A metal laser sintering system may be coming soon to a dental office near you. Dental applications for rapid manufacturing equipment are exploding. Up to 500 bridges and crowns can be manufactured in a day in a single build on an EOS direct metal laser sintering system. EOS expects to ship 20 machines for dental applications in the next 18 months. So far, Europe is ahead in implementing the technology, with about 25 installed machines and only three in the United States. The metal used is a cobalt chrome alloy.
Dental implants traditionally have been made out of metal through a time-consuming casting process. A technician can produce about 20 dental frames per day. In the new approach, a dental technician can concentrate on post-processing the metal structure and its aesthetic upgrade: ceramic veneering.
The technology will also come into play for other types of implants, Martin Bullemer, the EOS account specialist for medical, told me today in a walk through the EOS stand at Rapid 2009 in Schaumburg, IL. The best fit will be for custom implants for spines. Cobalt chrome is widely used for knee and hip replacements, but they are mass-produced stock sizes.
Many of the new adhesives we're featuring in this slideshow are for use in automotive and other transportation applications. The rest of these new products are for a wide variety of applications including aviation, aerospace, electrical motors, electronics, industrial, and semiconductors.
A Columbia University team working on molecular-scale nano-robots with moving parts has run into wear-and-tear issues. They've become the first team to observe in detail and quantify this process, and are devising coping strategies by observing how living cells prevent aging.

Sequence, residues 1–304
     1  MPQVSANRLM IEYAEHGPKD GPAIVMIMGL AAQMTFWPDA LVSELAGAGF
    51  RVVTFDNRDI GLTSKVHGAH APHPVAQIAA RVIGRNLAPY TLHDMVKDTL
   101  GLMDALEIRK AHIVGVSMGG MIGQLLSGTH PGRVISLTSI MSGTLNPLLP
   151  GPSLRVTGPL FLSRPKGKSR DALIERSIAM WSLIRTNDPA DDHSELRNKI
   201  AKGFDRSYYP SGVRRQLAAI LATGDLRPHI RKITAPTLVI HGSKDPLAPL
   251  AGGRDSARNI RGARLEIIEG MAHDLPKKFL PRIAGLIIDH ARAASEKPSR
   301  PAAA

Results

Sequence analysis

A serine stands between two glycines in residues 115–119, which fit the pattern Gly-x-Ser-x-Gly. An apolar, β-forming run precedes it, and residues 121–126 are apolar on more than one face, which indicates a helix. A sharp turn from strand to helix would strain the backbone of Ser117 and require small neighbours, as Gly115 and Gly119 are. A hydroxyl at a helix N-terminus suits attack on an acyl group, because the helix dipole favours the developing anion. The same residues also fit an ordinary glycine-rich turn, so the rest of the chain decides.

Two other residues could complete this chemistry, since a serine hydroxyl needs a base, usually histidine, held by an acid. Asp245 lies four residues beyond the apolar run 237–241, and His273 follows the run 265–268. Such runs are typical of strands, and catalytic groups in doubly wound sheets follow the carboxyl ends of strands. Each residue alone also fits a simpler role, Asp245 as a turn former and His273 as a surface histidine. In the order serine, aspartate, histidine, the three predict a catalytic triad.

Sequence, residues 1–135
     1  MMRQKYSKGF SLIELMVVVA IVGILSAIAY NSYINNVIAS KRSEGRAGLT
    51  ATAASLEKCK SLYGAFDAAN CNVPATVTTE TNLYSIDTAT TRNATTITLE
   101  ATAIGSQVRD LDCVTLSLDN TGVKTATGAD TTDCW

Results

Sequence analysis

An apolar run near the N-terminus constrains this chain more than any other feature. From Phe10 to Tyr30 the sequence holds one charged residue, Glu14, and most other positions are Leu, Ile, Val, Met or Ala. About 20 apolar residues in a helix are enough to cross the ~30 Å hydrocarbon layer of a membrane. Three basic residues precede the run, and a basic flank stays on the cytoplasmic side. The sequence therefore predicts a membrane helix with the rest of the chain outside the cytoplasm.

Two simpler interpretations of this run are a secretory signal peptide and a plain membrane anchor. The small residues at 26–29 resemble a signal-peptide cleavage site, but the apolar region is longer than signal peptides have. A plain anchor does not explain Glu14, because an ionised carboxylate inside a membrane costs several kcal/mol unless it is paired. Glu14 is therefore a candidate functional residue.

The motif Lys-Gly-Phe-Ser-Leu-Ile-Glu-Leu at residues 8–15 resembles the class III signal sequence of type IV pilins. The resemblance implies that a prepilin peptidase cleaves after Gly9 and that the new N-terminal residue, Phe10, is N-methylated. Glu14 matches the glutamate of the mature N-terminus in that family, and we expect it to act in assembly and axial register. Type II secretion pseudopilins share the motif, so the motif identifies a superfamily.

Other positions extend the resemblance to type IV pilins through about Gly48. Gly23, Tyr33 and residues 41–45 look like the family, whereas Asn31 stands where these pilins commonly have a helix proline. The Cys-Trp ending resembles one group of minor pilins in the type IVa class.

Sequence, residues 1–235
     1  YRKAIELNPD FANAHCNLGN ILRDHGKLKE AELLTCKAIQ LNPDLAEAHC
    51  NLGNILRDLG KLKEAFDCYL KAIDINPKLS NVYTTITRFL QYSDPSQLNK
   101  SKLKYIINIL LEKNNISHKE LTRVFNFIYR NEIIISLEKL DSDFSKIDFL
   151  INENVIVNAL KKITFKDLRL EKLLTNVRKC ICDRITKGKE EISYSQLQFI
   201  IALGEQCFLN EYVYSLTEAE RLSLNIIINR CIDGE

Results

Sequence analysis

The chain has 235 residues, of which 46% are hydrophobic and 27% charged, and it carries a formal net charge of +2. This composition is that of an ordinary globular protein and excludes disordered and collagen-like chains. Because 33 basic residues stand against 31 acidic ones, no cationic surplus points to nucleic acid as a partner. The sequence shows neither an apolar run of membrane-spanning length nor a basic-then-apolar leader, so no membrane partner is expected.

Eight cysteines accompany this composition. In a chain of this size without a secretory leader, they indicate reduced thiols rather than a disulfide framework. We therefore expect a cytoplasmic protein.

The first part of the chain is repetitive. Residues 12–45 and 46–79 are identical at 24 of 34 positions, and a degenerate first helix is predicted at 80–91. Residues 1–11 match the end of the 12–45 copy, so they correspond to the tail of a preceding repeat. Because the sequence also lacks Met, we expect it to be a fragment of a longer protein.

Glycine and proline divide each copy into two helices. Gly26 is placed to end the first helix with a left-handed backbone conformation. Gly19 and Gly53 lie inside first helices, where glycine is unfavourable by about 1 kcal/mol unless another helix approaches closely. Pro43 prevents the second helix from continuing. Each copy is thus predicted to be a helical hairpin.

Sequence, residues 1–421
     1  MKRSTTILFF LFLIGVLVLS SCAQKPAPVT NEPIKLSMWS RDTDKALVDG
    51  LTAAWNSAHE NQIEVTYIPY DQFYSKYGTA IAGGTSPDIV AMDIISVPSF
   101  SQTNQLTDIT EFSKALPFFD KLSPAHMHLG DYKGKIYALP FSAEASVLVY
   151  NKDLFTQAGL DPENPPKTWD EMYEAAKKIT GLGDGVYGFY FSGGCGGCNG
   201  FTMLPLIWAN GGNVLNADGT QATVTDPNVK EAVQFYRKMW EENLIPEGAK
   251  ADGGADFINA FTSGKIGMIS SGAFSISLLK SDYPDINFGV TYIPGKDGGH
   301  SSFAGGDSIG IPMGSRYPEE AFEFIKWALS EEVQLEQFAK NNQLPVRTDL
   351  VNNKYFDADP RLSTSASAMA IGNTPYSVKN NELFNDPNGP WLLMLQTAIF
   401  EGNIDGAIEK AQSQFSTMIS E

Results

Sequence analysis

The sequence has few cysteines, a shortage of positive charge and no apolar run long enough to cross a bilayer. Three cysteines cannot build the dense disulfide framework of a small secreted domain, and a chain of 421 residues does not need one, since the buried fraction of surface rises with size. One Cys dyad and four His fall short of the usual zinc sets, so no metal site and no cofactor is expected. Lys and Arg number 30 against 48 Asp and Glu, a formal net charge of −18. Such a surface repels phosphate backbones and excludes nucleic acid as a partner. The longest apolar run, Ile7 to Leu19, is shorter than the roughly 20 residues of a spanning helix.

Many of the new materials on display at MD&M West were developed to be strong, tough replacements for metal parts in different kinds of medical equipment: IV poles, connectors for medical devices, medical device trays, and torque-applying instruments for orthopedic surgery. Others are made for close contact with patients.
New sensor technology integrates sensors, traces, and electronics into a smart fabric for wearables that measures more dimensions -- force, location, size, twist, bend, stretch, and motion -- and displays data in 3D maps.
Focus on Fundamentals consists of 45-minute on-line classes that cover a host of technologies. You learn without leaving the comfort of your desk. All classes are taught by subject-matter experts and all are archived. So if you can't attend live, attend at your convenience.